Malaria is a major worldwide public health threat with worrying social and economic burdens due to the rapid emergence of multidrug-resistant Plasmodium falciparum strains. As a result, there is an urgent need to find novel drugs that might overcome clinical resistance to marketed antimalarials. In recent years, the mitochondrial electron transport chain (mtETC) has been explored for the development of new antimalarials. Type II NADH:quinone oxidoreductase (PfNDH2), succinate dehydrogenase (SDH) and cytochrome bc1 have become a major focus of those efforts, leading to several studies of its biochemistry and the design of potent inhibitors. Furthermore, de novo pyrimidine biosynthesis in malaria parasites, particularly dihydroorotate dehydrogenase (PfDHODH), is also receiving increasing attention. The enzymes involved in the mtETC are valuable targets in malaria chemotherapy, not only because they play a critical role in metabolic pathways of P. falciparum, but also because they differ significantly from the analogous mammalian system. Inhibition of such enzymes results in the shutdown of mitochondrial electron flow, leading to the arrest of pyrimidine biosynthesis and consequent parasite death. In this review, we aim to outline recent advances in the inhibition of mitochondrial metabolic pathways, highlighting the major classes of known inhibitors and those that are currently being developed.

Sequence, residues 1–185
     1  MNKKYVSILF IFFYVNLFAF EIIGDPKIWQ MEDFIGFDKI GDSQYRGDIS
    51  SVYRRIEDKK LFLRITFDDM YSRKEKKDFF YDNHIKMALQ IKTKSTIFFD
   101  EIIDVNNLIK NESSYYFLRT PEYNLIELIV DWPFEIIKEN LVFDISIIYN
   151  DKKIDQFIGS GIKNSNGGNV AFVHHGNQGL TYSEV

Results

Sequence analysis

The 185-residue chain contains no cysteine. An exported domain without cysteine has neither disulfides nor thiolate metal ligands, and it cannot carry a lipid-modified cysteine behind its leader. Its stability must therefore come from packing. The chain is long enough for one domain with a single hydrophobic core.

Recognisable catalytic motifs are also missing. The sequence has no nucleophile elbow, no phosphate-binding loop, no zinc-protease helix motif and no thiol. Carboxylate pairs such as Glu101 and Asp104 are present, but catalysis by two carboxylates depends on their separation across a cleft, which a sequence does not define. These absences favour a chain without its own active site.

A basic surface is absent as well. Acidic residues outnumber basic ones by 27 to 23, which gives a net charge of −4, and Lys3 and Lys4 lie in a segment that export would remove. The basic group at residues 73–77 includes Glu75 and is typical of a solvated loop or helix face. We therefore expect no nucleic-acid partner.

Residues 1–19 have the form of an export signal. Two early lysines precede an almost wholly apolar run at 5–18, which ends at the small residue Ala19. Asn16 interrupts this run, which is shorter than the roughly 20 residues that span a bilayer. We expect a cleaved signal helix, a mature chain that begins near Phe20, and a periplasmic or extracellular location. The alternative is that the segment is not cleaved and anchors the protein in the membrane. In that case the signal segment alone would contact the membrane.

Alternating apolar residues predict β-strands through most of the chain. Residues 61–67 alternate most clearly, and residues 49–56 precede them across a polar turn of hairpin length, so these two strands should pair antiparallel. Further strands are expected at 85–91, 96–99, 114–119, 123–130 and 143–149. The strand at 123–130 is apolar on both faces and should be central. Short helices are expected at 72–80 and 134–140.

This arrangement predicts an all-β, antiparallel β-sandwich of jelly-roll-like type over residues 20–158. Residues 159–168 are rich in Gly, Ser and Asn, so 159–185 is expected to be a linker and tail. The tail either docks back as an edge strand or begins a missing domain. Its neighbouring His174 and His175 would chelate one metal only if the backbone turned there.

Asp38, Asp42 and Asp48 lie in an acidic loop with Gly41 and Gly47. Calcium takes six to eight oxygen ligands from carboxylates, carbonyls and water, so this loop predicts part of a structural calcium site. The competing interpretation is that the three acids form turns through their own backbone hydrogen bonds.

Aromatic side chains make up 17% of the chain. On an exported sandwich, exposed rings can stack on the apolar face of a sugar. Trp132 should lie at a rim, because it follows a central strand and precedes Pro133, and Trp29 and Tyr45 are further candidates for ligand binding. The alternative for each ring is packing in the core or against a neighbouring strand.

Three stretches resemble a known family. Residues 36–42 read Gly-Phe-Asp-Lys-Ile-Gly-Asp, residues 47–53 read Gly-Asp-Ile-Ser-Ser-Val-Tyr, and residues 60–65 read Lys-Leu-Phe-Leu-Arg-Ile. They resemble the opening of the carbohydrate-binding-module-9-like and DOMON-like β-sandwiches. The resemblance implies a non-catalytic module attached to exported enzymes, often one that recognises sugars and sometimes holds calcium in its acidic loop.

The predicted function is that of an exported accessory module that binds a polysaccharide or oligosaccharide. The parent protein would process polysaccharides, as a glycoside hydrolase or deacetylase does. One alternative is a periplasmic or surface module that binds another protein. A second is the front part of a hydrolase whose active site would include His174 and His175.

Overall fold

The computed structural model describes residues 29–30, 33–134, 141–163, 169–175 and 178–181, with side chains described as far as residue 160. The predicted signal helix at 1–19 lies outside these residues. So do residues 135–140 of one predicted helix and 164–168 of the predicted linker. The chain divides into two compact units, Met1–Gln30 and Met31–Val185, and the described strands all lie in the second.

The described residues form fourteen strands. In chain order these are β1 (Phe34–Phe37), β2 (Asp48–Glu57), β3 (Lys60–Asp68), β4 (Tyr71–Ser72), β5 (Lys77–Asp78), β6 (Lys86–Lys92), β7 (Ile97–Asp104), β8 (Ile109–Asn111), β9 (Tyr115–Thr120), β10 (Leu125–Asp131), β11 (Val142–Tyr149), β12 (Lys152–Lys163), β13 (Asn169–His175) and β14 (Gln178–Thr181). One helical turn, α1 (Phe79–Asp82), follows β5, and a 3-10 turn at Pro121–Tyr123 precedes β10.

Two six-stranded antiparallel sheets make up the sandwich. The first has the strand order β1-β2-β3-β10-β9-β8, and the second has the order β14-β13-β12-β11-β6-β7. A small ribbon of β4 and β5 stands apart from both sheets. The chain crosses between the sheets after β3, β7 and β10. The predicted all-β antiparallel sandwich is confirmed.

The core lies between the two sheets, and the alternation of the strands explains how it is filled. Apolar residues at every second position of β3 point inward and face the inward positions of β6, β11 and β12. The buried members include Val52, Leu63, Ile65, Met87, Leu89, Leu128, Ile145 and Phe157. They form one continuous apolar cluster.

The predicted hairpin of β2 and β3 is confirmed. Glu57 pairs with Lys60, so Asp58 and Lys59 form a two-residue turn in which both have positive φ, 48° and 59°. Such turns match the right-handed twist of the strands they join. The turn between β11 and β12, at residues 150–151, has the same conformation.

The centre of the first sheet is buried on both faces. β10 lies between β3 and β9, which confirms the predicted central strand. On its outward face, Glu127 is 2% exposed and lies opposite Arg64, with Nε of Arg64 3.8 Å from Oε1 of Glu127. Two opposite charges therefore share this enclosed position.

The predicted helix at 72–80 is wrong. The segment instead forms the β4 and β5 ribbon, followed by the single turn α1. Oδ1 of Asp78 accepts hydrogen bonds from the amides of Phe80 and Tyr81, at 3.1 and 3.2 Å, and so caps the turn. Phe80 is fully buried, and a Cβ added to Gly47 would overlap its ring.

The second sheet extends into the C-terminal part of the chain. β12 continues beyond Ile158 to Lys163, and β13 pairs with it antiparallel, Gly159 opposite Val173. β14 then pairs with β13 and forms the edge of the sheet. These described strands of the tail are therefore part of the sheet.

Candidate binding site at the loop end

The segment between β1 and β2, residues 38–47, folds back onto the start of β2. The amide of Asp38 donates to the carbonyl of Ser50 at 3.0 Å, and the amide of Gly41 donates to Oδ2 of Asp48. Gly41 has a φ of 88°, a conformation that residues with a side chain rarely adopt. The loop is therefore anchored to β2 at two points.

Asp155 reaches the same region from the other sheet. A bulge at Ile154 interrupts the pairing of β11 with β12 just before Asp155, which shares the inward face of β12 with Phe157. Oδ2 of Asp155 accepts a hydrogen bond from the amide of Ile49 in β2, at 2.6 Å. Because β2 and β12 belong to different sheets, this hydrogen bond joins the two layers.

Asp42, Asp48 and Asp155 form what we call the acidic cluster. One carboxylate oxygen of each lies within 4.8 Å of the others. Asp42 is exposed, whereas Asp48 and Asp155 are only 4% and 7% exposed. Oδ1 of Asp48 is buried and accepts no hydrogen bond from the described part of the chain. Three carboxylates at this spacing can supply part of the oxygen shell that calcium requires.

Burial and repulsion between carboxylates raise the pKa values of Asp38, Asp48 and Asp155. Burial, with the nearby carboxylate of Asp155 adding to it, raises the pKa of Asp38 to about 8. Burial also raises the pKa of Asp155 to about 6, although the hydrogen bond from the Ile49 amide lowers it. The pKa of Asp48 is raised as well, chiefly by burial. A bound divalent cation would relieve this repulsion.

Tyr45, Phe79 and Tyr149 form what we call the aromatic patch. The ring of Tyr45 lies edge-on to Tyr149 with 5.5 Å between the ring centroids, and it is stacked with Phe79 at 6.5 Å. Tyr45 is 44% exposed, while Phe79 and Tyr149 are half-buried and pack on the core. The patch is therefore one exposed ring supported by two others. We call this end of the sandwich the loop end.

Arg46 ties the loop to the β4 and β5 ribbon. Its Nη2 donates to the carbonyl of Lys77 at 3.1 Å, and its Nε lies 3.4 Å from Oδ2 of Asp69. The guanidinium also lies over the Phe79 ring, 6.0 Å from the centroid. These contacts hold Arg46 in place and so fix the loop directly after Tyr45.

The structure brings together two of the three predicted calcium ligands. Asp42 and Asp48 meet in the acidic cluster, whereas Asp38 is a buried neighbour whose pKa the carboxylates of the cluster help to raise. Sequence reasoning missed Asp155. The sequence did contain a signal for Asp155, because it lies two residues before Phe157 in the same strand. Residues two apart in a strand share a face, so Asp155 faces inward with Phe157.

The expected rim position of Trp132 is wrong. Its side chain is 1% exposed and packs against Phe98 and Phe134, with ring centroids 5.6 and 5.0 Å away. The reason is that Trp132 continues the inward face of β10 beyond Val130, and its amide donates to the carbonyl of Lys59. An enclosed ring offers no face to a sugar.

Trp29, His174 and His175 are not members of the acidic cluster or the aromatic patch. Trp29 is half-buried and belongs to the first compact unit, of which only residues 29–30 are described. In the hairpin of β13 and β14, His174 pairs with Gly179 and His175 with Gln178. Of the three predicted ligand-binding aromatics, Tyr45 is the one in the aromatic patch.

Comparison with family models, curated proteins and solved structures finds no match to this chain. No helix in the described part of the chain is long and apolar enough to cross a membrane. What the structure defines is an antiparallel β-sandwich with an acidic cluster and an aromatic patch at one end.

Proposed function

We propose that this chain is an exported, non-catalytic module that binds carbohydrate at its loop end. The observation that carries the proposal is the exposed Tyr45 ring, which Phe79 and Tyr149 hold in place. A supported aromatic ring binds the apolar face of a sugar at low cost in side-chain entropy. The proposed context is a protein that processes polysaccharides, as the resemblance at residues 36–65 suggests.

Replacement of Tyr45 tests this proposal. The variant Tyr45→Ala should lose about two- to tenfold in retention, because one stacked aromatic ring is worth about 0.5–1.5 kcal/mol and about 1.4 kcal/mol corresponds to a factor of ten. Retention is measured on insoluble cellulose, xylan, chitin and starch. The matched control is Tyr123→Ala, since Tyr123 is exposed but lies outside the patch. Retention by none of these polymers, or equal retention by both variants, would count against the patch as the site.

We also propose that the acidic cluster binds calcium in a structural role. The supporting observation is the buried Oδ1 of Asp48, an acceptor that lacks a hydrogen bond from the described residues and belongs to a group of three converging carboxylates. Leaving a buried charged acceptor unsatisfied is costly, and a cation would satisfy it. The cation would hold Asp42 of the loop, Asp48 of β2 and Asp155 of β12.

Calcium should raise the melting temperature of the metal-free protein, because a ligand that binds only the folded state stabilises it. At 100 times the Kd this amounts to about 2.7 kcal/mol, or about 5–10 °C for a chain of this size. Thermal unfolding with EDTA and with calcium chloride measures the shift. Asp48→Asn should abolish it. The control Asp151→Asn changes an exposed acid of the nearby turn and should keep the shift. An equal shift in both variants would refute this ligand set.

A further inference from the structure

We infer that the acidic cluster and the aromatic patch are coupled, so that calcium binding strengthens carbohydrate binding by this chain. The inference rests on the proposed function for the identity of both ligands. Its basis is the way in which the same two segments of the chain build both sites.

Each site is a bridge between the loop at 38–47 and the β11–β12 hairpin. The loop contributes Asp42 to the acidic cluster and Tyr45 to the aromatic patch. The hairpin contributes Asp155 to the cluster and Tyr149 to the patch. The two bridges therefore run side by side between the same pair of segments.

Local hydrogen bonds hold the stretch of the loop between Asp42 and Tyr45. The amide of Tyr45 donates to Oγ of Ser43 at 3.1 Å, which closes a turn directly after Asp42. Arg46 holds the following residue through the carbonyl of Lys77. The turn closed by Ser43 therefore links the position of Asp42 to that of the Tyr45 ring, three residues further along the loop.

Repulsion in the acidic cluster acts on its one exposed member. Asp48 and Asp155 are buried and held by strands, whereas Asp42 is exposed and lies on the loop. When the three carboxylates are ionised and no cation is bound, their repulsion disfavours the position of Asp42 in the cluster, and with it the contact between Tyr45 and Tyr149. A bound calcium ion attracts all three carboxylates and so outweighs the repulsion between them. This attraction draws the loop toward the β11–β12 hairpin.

Keywords: Malaria, electron transport chain, mitochondria, bc1 complex, dihydroorotate dehydrogenase, succinate dehydrogenase, type II NADH dehydrogenase
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